“Well, let’s look at what’s going on and call these things into question. Okay? Okay? Right, so here you are writing this novel, which I think should be your main focus, your main objective.”

I nodded again. “Sure,” I said. “I agree.”

He pursed his lips. “Well, look at this though. You’re not sleeping at all. You’re drinking like a fish. You’re reading entire textbooks for classes that haven’t even begun. You’re trying to come to terms with the history of western thought in a month or two. You’re writing papers for classes that haven’t begun. And again, right, right, you’re not sleeping at all. And when you’re not doing these things, constantly writing and reading, you’re drinking like a fish. And sometimes you’re doing them at the same time, like tonight at the bar. I mean, my god, Shane, Shane, I mean, look at these things. Your wife is one of the sweetest, most gorgeous women I’ve ever known, and you’re here at a bar by yourself, reading poems and writing. What’s going on here, really?”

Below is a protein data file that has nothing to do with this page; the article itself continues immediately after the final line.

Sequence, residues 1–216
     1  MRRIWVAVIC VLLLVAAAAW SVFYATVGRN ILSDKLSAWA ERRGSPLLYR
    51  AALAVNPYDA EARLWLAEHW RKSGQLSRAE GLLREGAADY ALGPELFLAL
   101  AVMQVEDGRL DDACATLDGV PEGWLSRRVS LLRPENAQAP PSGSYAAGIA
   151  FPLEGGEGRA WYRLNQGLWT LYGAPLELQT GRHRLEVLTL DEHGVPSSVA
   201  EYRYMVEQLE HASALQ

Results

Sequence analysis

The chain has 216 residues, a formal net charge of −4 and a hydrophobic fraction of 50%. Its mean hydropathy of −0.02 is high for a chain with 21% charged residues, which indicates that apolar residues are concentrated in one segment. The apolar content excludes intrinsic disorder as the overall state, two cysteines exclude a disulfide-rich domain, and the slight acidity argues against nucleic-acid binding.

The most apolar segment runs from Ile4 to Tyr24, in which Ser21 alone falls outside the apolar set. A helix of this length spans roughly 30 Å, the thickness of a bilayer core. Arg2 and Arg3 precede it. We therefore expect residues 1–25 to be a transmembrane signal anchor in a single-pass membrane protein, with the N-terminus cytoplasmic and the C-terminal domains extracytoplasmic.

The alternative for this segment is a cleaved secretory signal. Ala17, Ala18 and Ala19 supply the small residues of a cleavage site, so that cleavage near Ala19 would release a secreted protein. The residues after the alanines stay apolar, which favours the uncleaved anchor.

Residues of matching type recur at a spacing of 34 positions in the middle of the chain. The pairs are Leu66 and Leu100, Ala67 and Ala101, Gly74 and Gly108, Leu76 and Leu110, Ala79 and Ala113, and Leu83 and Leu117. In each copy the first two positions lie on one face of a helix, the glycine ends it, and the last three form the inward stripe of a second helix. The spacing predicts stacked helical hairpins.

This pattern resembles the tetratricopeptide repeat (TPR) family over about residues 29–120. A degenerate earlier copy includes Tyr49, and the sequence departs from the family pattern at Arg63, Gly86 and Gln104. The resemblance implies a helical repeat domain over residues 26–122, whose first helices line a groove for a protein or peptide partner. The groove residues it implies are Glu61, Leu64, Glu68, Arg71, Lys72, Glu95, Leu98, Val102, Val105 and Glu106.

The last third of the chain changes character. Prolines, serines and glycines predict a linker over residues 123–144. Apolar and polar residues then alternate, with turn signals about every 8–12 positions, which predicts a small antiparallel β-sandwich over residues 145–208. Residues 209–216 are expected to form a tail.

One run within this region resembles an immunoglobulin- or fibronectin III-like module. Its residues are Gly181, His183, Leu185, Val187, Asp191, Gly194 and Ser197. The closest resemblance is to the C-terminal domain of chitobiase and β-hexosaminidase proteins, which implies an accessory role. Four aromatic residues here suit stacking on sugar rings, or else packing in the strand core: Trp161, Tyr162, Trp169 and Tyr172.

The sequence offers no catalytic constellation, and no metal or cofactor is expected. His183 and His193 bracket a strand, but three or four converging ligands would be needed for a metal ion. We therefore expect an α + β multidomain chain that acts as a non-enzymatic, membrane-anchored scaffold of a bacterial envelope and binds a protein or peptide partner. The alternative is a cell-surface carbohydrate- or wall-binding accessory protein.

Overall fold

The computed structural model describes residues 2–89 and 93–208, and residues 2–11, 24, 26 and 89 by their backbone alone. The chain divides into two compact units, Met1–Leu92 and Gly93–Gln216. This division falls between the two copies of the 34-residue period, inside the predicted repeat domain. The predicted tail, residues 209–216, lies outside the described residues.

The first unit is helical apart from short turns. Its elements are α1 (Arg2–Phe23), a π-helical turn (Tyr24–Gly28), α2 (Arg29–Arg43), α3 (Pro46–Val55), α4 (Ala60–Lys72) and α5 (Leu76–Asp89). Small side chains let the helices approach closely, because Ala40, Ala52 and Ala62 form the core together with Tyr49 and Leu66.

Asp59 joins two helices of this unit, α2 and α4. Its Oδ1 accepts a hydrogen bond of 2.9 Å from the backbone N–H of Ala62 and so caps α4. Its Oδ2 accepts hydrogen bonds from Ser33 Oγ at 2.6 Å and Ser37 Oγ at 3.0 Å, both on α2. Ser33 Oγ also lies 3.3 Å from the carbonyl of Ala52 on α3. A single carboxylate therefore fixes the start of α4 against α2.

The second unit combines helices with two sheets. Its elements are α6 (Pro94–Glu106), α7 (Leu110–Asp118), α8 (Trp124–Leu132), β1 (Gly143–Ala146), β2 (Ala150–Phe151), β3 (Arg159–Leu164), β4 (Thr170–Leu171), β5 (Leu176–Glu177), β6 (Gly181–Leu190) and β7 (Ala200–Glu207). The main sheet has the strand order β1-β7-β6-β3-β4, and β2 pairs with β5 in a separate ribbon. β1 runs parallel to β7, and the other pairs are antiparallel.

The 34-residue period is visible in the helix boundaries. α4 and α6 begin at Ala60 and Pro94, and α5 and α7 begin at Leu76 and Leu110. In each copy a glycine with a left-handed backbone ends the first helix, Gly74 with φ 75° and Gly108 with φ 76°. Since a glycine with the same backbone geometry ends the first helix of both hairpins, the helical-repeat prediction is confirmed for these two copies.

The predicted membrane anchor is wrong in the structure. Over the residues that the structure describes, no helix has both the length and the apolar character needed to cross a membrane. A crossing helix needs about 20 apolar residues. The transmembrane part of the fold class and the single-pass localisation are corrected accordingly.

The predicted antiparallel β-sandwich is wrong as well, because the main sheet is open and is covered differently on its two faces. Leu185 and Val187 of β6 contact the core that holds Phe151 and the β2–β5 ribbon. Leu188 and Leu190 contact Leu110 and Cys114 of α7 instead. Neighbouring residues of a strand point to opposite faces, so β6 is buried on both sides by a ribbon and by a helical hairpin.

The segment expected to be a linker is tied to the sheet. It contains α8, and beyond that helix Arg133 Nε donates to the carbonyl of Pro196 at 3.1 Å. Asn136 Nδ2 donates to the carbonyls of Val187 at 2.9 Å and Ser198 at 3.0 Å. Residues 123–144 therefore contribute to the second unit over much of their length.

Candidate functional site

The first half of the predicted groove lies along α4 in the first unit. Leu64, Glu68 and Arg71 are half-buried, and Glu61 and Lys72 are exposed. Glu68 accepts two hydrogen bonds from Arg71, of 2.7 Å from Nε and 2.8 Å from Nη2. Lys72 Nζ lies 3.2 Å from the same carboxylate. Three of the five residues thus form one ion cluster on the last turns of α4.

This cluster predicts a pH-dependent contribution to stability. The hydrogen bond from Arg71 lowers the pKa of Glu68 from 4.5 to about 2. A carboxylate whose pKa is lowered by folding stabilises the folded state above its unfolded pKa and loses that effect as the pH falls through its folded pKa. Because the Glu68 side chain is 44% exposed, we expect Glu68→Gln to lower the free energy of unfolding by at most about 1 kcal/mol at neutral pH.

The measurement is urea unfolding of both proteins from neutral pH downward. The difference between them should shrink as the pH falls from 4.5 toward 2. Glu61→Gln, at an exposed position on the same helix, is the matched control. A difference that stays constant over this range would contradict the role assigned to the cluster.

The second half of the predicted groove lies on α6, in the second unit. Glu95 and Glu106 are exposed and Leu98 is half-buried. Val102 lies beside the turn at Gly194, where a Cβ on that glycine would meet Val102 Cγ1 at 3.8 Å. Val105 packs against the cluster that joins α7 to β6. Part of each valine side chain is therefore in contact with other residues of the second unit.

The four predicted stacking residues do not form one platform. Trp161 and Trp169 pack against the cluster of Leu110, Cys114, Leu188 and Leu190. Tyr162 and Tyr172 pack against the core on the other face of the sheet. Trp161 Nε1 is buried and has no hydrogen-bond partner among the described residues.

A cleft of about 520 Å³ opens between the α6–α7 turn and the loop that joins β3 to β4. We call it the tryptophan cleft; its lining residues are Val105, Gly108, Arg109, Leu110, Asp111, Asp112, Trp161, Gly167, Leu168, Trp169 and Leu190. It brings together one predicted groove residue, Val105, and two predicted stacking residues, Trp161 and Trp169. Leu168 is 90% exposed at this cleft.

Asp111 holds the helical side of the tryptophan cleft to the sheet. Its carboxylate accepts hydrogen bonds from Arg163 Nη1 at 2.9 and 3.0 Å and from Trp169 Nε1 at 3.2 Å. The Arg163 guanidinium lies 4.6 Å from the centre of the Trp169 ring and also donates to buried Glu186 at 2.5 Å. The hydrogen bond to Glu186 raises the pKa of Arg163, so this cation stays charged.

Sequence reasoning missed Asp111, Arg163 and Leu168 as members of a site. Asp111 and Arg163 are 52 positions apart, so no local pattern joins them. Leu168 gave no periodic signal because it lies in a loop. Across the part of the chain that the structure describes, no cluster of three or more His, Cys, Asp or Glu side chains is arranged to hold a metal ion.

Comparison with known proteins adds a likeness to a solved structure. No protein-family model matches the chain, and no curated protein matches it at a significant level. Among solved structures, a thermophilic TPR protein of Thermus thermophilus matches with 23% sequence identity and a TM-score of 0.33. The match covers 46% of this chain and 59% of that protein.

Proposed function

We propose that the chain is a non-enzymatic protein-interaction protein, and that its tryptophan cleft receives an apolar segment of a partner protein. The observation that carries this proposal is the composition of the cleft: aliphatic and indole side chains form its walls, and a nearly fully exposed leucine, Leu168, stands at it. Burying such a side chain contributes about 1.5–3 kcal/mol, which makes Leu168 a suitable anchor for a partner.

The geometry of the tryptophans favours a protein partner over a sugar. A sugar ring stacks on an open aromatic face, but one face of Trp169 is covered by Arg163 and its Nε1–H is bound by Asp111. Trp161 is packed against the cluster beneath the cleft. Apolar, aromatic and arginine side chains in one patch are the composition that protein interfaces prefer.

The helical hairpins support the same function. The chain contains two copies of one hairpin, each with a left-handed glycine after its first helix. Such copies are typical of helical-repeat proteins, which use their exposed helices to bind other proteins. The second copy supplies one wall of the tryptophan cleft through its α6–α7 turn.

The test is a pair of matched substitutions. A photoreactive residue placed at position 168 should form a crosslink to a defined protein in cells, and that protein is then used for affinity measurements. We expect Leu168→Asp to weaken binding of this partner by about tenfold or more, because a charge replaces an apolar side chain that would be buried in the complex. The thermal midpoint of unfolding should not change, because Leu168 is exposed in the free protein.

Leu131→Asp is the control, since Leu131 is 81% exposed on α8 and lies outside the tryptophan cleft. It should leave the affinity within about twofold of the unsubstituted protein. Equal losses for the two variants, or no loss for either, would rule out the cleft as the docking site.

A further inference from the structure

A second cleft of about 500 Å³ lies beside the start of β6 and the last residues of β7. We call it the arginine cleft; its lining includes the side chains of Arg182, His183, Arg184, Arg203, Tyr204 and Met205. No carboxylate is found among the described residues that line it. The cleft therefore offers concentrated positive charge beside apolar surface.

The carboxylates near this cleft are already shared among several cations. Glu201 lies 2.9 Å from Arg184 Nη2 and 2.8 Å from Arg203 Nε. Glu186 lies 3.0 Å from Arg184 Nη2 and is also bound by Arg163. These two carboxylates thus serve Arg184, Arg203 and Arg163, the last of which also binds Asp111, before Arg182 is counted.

I shook my head and sighed. “I know, Kirk. I’m a mess. I’m working on it.”

“Well, he said. “I’ve thought about these things. Let me tell you what I see.” He sat in front of me, drinking from his beer. “You’re wrapped up in all this shame and guilt, all these illusions and it’s killing you, man. It’s killing you fast. The other night on the porch you actually said, “I’m gonna stay here. I need to suffer.” I mean you actually said that, word for word. You literally said you need to suffer.”

I looked at him. “Did I?”

As I was saying this a large golden tabby crawled into my lap and began to knead on my thigh. I scratched behind its ears.

“Yeah, man. You actually believe you need to suffer. Shane,” he paused now, drank the last of his beer and set it down. “Shane, you’re punishing yourself over nothing, just illusions. It’s not even you. It’s just your mind. If there was a buddhist around they’d smack the shit out of you. I mean, to be honest, we should have converted to Buddhism years ago.”